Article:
Just like in Cairo and most other Egyptian cities, there was much trash outside the rural homes. My colleagues and I had a great conversation one day while relaxing and floating up the river. The Egyptians don't have time to think about trash or environmental issues; they are focused on putting the next meal on the table. I realize that is the same problem here. I'm thinking that if we did not have laws against littering, we'd have trash all over the place, too. Johanna, the owner of the sailboat, is very concerned about the littering and had the whole riverbank, where the dahabiya is normally moored, cleaned up. She planning a project with the families living on the riverbank, about the effects of rubbish on health (sorry I don't have links for them). In a city near Luxor, Qena, they passed a law about littering which is enforced. It made a huge difference. Everything seems to come down to money, doesn't it?!

Johanna also has a project called Women Empowerment. She is involving women in her new business of sailing the Nile. Her sister-in-law, Yamna, does the washing and the ironing for the ship. Captain Mohmed used to have a laundry business do the work, but now Yamna is doing it; she's getting the same pay as the laundry business did. Another two ladies from the family are taking over the baking-bread, cakes, cupcakes, etc. "We pay them and actually spend more money than if we bought the things in a store, but home-baked bread tastes better. The ladies have a chance to make money."
I must say, I long to feel such serenity again. I have found I need to not listen to the news so much. I have mellowed out a bit with my environmental activism. As if in a dream, I keep hearing the Muslim prayer times. It seems every time I ask God what I should be doing, I get the same answer: Enjoy life, help others, and learn.
or maybe
just the beginning!!!

Here is a video of Luxor Sail the Nile



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A day on the Dahabiya ABUNDANCE – Wadi el Kheir

Never in my life had I thought that I would ever own a sailing ship like the dahabiya, not even in my dreams. I used to travel on ships when I lived in the South Pacific, but that wasn’t always pleasant, because sometimes I get seasick. A sailing ship on the Nile is a different story.

Then through a stroke of good fortune, Captain Mohammed and I were made an offer of a sailing ship that we could not refuse. Now we are proud owners of a traditional Nile river sailing ship: the dahabiya ABUNDANCE. We had to put a bit of work in it and are now very happy with it.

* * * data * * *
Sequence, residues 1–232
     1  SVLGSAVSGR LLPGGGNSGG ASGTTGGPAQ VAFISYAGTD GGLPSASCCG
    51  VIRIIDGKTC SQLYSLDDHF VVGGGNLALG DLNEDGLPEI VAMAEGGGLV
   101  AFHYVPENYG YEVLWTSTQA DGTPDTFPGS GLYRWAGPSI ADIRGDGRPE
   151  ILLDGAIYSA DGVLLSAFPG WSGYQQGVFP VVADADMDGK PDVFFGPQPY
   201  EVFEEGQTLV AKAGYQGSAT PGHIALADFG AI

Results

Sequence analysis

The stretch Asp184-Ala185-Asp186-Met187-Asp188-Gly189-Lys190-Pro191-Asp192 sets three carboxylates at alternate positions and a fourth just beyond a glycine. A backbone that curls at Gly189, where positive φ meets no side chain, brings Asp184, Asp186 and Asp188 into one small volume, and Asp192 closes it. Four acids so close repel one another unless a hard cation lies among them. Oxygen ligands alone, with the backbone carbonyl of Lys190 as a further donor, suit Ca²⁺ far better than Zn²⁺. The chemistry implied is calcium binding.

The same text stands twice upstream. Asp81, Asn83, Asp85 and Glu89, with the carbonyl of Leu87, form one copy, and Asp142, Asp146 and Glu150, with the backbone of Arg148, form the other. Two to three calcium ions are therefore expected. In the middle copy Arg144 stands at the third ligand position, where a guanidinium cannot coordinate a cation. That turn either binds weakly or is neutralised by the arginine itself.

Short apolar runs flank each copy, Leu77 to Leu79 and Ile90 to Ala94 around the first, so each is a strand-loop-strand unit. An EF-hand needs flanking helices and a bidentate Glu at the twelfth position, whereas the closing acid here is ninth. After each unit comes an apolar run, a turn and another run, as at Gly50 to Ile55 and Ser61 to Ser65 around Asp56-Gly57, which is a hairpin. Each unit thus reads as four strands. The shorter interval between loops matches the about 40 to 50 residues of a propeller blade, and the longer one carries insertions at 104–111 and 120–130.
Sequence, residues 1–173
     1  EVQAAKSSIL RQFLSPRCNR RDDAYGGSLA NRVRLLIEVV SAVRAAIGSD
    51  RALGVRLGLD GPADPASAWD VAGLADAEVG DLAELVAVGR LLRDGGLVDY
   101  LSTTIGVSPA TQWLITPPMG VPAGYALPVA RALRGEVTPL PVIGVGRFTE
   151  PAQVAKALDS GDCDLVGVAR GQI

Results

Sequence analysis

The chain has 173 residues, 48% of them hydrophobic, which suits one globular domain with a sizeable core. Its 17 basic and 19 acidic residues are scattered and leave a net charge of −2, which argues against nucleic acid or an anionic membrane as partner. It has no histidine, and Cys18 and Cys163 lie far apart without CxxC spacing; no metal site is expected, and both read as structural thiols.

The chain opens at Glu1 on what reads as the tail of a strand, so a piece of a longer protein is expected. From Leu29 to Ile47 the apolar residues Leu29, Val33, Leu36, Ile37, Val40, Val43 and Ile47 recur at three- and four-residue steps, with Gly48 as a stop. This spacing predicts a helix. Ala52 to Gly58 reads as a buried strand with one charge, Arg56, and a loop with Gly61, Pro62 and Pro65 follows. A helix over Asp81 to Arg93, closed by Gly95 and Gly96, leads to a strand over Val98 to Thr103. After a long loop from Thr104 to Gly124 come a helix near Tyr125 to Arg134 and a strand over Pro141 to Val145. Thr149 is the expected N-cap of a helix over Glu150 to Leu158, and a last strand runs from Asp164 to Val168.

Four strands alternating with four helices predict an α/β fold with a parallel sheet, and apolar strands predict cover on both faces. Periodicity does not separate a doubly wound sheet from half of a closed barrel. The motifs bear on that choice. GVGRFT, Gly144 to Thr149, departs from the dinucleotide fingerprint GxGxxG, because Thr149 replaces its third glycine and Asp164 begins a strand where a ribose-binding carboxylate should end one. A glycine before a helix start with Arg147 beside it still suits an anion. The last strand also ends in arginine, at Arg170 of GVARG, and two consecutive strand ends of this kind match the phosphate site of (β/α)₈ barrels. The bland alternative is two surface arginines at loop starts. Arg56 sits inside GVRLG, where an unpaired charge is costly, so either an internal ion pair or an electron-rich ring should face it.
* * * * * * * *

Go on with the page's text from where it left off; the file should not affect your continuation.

Dahabiya ABUNDANCE - luxury sail boat on the Nile.

Living on the dahabiya

Now, in the summer, when there is little business, I live on the dahabiya. Morning tea on deck where I can observe the fishing boats rowing through the morning mists – or afternoon coffee on the private balcony of the suite. The view of the east bank is interesting for I can watch the small sailboats and the motorships sail past. Fishermen row past and wish me a good day. The view of the west bank is pittoresque with the mountains of Thebes and the dramatic sunsets in the background.

Sail the Nile on our dahabiya ABUNDANCE
Relax while cruising the Nile on the dahabiya ABUNDANCE
Enjoy the amazing view over the Nile from our dahabiya ABUNDANCE.

Every day life on the dahabiya

If I want to go shopping, I either take the small ferry or a motorship across the river to the east bank and buy the things I cannot find in the village of Laqalta. For vegetables and useful household items, a man on a donkey carts comes pay and shouts out his wares. I quickly run across the gangway, up the riverbank and then must use all my negotiation skills to get a good price.

When it’s really hot, like right now, the generator runs all day so that the air-conditioning works. I spend these hot days in the suite and work, write, translate or read.

Life is good!

We would be happy to share the experience with you to sail down the Nile in tranquility. Come and sail with us! Some of our guests say that life cannot get much better!

Sail the Nile on our dahabiya